By then Bouchette was elderly and had difficulty putting up with the animosity shown him by his compatriots in the assembly. From the moment he entered public service he had proved a devoted and staunch servant of the crown. His association with the English party had aroused the dissatisfaction of the Canadian majority in the assembly. Bouchette had made his views quite clear. In 1822 he had helped set up a committee supporting union of the two Canadas and had indeed been the only French-speaking member on it. In a public speech on 28 November he had demonstrated the necessity of union, even if it would be greatly in Upper Canada’s favour. He was sorely tried when his youngest son, Robert Shore-Milnes, espoused the Patriote cause and was sentenced in 1838 to exile in Bermuda.
Bouchette’s desire to be identified with the English-speaking community created other difficulties for him. Being an office holder, he paid great attention to his public image. He lived beyond his means, which caused him many financial troubles. For example, between 1809 and 1829 he was summoned before the courts more than 75 times for unpaid accounts. Generally small amounts owing a tailor, a shoemaker, or a general merchant were involved. From 1817 his financial problems became serious. The publication of his first work on Lower Canada had resulted in a deficit of £1,702. As the assembly had paid him only £500 of the £1,500 it had promised him before he left for England, Bouchette demanded the sum due him. His case was discussed on many occasions in the house, but the Canadian majority blocked settlement of the dispute. It was not until 1875 that the crown paid compensation to his grandsons. In 1818 Bouchette’s salary had dropped from £600 a year to £400. He protested vigorously to the authorities, drawing up a list of his numerous faithful services and demanding a seat on the Legislative Council. Finding that his financial situation was worsening, he tried speculating in land. Between 1818 and 1824 a number of advertisements of houses being offered for sale or rent by Bouchette appeared in the Quebec Gazette. The endeavour turned out badly, however, since on three occasions his properties were put up for sale by the sheriff. His situation was so disastrous that in 1824 he had to part with the plates and the original manuscript of the work brought out in 1815. Order was apparently restored in 1829 after his lands at Lac Témiscouata were sold.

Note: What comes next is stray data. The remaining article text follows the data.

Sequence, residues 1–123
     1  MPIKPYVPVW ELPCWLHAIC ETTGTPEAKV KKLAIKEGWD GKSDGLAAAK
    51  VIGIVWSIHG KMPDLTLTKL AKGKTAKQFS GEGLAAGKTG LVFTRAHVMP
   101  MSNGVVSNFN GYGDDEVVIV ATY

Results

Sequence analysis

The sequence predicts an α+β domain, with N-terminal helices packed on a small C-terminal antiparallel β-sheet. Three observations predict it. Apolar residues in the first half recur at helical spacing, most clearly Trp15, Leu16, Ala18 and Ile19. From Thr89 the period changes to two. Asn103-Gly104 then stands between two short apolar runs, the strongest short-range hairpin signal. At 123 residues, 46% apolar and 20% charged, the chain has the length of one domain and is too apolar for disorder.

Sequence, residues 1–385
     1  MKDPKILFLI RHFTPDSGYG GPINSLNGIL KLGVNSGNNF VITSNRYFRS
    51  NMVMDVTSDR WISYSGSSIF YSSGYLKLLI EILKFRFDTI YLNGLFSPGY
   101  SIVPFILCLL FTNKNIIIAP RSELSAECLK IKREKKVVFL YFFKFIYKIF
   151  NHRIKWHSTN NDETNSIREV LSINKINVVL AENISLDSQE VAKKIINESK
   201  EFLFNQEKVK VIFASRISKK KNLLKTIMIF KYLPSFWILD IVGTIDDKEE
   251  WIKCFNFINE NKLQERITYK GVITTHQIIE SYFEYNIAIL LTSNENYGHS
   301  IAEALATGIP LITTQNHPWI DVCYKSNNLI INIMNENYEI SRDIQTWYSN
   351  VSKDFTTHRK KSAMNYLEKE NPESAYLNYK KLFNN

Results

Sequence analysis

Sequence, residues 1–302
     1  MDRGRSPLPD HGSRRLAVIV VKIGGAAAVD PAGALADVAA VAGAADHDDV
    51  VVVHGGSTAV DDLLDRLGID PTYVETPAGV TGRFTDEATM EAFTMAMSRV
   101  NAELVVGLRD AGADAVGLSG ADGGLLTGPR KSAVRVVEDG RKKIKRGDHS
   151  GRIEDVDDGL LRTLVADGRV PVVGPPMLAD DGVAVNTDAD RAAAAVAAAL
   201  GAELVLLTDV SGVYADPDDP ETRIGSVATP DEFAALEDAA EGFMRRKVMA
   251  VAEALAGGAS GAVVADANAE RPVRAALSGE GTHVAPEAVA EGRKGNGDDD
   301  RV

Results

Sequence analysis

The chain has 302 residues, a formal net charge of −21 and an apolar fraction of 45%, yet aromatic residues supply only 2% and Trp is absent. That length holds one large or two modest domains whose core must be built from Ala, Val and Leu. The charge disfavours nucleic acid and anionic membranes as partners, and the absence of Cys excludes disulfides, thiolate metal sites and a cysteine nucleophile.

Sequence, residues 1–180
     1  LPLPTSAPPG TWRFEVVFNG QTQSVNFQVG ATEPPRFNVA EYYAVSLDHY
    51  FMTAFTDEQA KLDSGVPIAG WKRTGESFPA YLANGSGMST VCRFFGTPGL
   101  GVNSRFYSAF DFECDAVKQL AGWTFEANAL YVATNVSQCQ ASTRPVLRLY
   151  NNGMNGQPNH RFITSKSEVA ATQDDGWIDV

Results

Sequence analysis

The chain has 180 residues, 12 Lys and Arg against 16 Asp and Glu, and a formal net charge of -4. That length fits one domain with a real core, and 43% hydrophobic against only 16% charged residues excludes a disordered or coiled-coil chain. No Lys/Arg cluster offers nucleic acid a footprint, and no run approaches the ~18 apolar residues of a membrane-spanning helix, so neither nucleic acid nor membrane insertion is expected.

Despite his many financial problems Bouchette subscribed regularly to the Quebec Fire Society from 1803 to 1821. In 1801 he was a member of the commission managing the Jesuit estates, and in 1805 and 1806 he sat on the board of the Union Company of Quebec. He contributed financially to the Quebec Emigrants’ Society in 1820. The following year he joined the district agriculture society; he was also elected member of a committee to promote education. In 1824 he contributed to the founding of the Literary and Historical Society of Quebec. It was he who was behind the establishment of the Société pour l’Encouragement des Sciences et des Arts en Canada in 1827; he was its president until 1829, when it joined with the Literary and Historical Society of Quebec.
Bouchette left Quebec in the autumn of 1840, apparently after differences with the governor, Lord Sydenham [Thomson]. Sydenham abolished the post of surveyor general, which Bouchette was the last to hold. Henceforth its responsibilities came under the commissioner of crown lands. Bouchette took up residence in Montreal and died there on 8 April 1841. His funeral was held in the church of Notre-Dame, where he was buried.